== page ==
Cast iron skillet/spatula epiphany

(Jeff Logullo) #1

TL;DR: cast iron skillet + animal fats + metal spatula = nirvana

Years ago I tried using cast iron. Nothing but trouble. Sticky coating that didn’t seem to behave as I expected. Things stuck. I gave up.

Years later, I’m keto. And I’m laughing at the folly of seasoning a cast-iron skillet WITH VEGETABLE OIL as the instructions said, o so many years ago. In retrospect it should have been obvious. Our grandparents cooked real foods – animal fats – in their cast iron. And that’s why they were so wonderful! In the past two years I’ve fallen in love with my old cast iron treasures, each of which has a nice dark sheen from bacon, butter, beef fat, etc.

Which brings me to my next phase of kitchen nirvana. Okay, play along. Close your eyes and imagine…

A spatula.

What did you see? A white nylon spatula, browning with age? or maybe a newer model, made from some sort of black plastic? I’m guessing so. Why? Because we grew up with teflon pans, and everyone knows you don’t dare use a metal spatula on a teflon pan.

Well guess what. You CAN’T SCRATCH A CAST IRON SKILLET. And you also can’t flip a fried egg with a stupid thick nylon spatula! (Well, you can, if you’re careful, most of the time.) But why struggle? One day I was trying to make a nice breakfast and I kept breaking yolks. And then I remembered… tucked way back in the back of a drawer… there it is… a good old thin-bladed flexible METAL SPATULA! It must be 20 years old. My goodness it’s wonderful. So glad I didn’t toss it out.

Armed with a nice metal spatula, your cast iron skillet will sing like never before. When I cook the bacon a little too fast, and it’s left a little crust on the pan, I just turn the spatula over and s-c-r-a-p-e the gunky bacon crust off to the side and lift it out. Nothing left but happy bacon nectar, ready for a few eggs.

Eggs in, and as they begin to set, the thin spatula lets me move the eggs around if need be. It’s reassuring to lift them a little and move them – make room for the next one, and yes they’re not sticking! Then (if you’re making 'em Over Easy) the spatula slides right underneath for the flip. A thing of beauty.

I need words of wisdom!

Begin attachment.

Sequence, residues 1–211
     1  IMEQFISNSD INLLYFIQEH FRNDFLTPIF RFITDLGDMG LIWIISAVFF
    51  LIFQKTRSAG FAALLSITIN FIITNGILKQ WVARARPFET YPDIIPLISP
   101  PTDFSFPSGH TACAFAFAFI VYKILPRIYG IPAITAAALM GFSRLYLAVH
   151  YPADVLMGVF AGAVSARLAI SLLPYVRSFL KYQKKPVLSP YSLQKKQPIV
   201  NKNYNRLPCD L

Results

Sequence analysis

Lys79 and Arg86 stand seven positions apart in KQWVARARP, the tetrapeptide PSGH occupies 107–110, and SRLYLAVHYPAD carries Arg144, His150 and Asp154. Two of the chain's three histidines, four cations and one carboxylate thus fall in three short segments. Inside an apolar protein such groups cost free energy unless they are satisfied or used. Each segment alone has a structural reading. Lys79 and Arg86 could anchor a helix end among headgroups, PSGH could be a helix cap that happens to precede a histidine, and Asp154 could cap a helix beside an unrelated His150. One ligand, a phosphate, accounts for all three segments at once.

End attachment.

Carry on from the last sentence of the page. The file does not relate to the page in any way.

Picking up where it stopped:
(Linda Culbreth) #2

Awesome! I love my cast iron skillets, etc. Besides, it gives me just enough iron in my diet, not too much and not too little.

(So much bacon . . . so little time . . .) #3

Silly! You’re supposed to eat the food, not the skillet! :smiley::laughing::grin:

(Linda Culbreth) #4

Silly me! So that’s why all I eat is hard to chew!!!

(Ernest) #5

I’m a cast iron junkie. There’s no Teflon in my house.

(*Rusty* Instagram: @Rustyk61) #6

I just purchased a new 10" to go with my 12".

(So much bacon . . . so little time . . .) #7

Any woman will tell you size doesn’t matter. :joy:

(Terri) #8

They are lying. Not only does size matter, but having options also matters. Having a 10" and a 12" creates options. “Variety is the spice of life”… so they say… :wink:

(So much bacon . . . so little time . . .) #9

Alas, I have long since come to suspect that. [sigh]

(*Rusty* Instagram: @Rustyk61) #10

My new toy!!!

(Terri) #11

I think I need to obtain a new one. I’m actually thinking of getting two 10". Options!

(Linda Culbreth) #12

They are BEAUTIFUL!!!

(*Rusty* Instagram: @Rustyk61) #13

My new 10” is awesome…cooks to perfection. I prefer to bust my egg yokes after I turn them in the pan and have hard fried eggs.

(Ernest) #14

Always a good idea to have an 8" two 10" and a 12"

That should satisfy @Primalgigi

(#inforthelonghaul, KCKO, KCFO) #15

Jumping in to give some love to stainless steel pans and saying how much I love my metal spatula. My tri-plys don’t stick unless I mess up and keep them at too high a temp. and even then they clean up just beautifully with soap and hot water.

The metal spatula is one of those things I was kicking myself in the ass for not buying sooner. I love it. And I can even use it on my Slider pans, with its nonstick coating, just have to pay attention to what I am doing. It is called fish spatula, but I use it for everything, it is a wonderful thing.

I do have an older cast iron skillet I use to prepare steaks for the broiler when I can’t grill them outside. I grew up in a home where cast iron was the only kind of skillet. The pre 1960 ones were produced differently, so I cling to my older but small cast iron skillet. The newer ones are produced differently and they are much harder to get a clean seasoning surface.

(Ernest) #16

There are a few companies now that have gone back to the smooth surface of the classics.
BUT you pay an arm and a leg since the polishing process is quite expensive. That’s why Lodge is as cheap as it is. They stopped polishing the surface.
Finex, built like a tank and Stargazer (lighter) have smooth polished surface.

(Damon Chance) #17

I wonder if the polishing would be something you could do as DIY project…

(Ernest) #18

I have 10 plus lodge skillets that I smoothed out using a polishing disk attached to a drill.
Takes a while but worth the effort.

(Damon Chance) #19

Exactly what I was thinking. Can you recommend a polishing disk? I have the drill(s).

(Ernest) #20

@d_to_the_c I used a Diablo demon steel 40 grit, 4.5 inch disk. And this thing called Avanti PRO quick strip disk.
Both available at Home Depot